There could be relatively few combustible materials but the huge populations could be much more vulnerable to a fire incident since they could overwhelm the space available for escape (Blinn 52). Design systems meant to regulate the spread of fires could be substantially reinforced but the loophole created by the immense nature of the large population could result in major fatalities and injuries. The risk presented by the congestion should be reviewed to ensure that rescue operations are not limited by space. Rescuers who are tasked to respond to fire emergencies also need to upgrade their firefighting skills to conform to the dynamic challenges.

Factors to consider in reviewing fire safety protocols

Other pertinent factors to be considered during the rescue interventions include the challenge of saving physically disabled persons from a burning building that is storied. This demands that designers provide safe havens within such buildings which could secure the physically challenged persons before evacuation procedures are put in place by experienced firefighting personnel to that effect (Canfield& Harding 70). If the disabled persons are left to struggle with normal individuals for safety, through the escape routes, then a stampede could kill them before fire finally consumes them. Technical handbooks regulations should therefore be reviewed with emphasis on the emerging challenges brought about by human beings occupying storied houses.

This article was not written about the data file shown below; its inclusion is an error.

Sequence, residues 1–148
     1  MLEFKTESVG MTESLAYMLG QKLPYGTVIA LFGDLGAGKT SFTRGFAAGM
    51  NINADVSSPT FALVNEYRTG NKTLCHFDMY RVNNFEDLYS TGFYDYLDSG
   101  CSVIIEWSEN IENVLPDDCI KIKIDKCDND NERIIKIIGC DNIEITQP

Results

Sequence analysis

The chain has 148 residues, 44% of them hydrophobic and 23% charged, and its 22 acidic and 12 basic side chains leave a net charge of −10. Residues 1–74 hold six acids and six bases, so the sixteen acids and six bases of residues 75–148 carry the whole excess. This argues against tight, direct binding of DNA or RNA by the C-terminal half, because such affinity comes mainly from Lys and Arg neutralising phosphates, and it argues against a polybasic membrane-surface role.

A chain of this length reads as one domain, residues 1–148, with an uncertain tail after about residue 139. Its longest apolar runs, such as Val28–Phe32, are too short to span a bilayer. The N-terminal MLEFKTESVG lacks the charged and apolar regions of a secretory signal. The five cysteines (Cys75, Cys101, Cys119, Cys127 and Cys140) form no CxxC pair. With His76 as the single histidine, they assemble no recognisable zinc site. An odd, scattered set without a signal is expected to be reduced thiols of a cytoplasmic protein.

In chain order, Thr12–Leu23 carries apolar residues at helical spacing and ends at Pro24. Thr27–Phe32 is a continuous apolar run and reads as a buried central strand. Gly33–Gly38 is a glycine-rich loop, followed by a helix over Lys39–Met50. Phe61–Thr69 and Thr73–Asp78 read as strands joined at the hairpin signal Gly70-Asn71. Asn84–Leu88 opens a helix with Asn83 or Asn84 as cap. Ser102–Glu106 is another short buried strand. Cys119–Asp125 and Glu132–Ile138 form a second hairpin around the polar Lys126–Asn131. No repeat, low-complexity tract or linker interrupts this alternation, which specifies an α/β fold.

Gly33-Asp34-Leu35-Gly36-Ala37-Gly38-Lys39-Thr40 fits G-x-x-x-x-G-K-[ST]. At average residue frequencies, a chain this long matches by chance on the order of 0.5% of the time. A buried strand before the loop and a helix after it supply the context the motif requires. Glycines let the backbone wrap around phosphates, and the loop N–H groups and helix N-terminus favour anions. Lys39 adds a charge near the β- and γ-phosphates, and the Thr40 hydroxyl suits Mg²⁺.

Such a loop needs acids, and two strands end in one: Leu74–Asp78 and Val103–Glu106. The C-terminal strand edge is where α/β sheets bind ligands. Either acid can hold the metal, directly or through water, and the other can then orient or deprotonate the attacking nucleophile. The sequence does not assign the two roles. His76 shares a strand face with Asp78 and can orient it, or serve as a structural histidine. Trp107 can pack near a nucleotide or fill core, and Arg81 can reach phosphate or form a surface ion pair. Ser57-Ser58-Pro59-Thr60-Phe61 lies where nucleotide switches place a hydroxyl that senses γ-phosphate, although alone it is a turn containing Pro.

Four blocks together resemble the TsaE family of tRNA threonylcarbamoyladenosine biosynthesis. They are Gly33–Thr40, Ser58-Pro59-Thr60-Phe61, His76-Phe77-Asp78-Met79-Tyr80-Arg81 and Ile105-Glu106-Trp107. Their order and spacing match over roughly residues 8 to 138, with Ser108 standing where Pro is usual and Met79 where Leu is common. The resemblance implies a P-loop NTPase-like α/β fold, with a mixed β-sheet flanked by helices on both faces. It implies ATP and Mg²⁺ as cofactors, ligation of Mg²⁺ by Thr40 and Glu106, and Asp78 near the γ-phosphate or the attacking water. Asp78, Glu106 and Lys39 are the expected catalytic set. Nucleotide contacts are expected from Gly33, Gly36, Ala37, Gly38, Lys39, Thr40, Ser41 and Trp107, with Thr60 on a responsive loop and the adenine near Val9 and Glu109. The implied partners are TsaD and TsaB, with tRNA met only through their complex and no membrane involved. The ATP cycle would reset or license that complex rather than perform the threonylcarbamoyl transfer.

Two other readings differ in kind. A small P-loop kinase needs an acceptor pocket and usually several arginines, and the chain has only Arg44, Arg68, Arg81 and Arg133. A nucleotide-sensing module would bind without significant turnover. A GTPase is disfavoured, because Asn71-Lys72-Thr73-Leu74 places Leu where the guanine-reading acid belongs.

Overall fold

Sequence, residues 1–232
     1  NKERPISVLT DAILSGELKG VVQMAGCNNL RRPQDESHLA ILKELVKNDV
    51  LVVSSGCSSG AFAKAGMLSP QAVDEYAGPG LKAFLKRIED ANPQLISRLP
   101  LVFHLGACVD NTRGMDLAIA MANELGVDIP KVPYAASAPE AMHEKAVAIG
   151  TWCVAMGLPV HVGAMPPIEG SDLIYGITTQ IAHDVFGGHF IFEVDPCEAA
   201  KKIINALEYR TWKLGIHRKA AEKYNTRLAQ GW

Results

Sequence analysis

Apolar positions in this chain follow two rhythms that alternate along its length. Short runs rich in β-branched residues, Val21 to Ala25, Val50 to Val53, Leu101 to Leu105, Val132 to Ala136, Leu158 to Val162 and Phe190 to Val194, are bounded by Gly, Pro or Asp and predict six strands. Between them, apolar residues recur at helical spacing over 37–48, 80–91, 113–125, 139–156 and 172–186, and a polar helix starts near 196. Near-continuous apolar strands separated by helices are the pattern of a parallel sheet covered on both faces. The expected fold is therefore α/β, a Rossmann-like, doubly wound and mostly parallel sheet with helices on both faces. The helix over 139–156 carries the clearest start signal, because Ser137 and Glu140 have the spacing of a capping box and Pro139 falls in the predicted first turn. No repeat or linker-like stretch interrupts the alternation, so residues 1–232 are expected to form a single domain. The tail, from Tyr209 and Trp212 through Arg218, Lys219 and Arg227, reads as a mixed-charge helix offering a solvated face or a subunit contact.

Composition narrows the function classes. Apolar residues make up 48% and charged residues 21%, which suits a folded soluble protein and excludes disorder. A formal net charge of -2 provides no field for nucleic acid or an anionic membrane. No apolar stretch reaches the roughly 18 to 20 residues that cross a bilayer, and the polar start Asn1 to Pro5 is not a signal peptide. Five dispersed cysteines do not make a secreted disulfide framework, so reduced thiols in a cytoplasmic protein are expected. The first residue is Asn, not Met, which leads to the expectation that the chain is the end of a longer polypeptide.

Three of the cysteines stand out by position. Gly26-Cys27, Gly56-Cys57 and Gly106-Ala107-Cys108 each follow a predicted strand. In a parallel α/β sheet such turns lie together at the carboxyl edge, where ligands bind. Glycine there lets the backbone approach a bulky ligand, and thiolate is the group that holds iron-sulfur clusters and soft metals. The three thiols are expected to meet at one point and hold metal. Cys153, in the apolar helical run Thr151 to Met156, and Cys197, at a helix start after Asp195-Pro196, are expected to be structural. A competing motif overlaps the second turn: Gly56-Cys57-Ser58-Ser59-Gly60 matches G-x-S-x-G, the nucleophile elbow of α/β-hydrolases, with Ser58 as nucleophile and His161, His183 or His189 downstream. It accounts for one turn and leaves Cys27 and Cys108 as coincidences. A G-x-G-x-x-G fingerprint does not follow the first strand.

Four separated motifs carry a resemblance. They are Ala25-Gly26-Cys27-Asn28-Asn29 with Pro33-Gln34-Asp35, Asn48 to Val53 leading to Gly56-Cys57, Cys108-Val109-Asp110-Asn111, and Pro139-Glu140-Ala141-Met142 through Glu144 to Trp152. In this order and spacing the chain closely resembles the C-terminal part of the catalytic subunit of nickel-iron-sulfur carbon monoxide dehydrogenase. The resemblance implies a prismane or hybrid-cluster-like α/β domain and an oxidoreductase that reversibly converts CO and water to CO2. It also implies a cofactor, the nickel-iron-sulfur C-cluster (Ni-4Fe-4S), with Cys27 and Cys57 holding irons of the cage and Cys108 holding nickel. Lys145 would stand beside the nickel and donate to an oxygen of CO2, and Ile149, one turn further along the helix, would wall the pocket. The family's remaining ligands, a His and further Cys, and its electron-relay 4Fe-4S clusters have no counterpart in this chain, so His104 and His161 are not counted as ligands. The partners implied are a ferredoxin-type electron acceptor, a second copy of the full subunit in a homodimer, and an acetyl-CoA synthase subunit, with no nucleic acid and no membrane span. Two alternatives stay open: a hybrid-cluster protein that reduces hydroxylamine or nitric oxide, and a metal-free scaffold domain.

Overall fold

The composition of the populations within a building should be considered by all the stakeholders in fire safety including the designers, verifiers, and rescuers. In essence, the time taken to travel through the escape route about its distance should be harmonized with the structural specifications outlined in the technical handbooks (American Society of Civil Engineers 15). Designers on their own could adopt an ideal architectural framework for a building with specifications defining space per person without a rational consideration to the dynamics associated with population density and general human traffic.

Business premises are occupied by customers who could increase considerably during a festive season beyond the physical specifications outlined in the technical handbooks. As much as these structural guidelines are legally binding, ethical considerations emphasize that the population density should be taken into account. Strict adherence to the civil guidelines could jeopardize rescue operations during a fire outbreak resulting in embarrassing fatalities (Institution of Structural Engineers, Great Britain 27). Consequently, there should be a balanced approach that incorporates physical design and occupant parameters. The concerted efforts of the designers, verifiers, occupants, and verifiers are important in ensuring that fire incidents are manageable with minimal human deaths and injuries.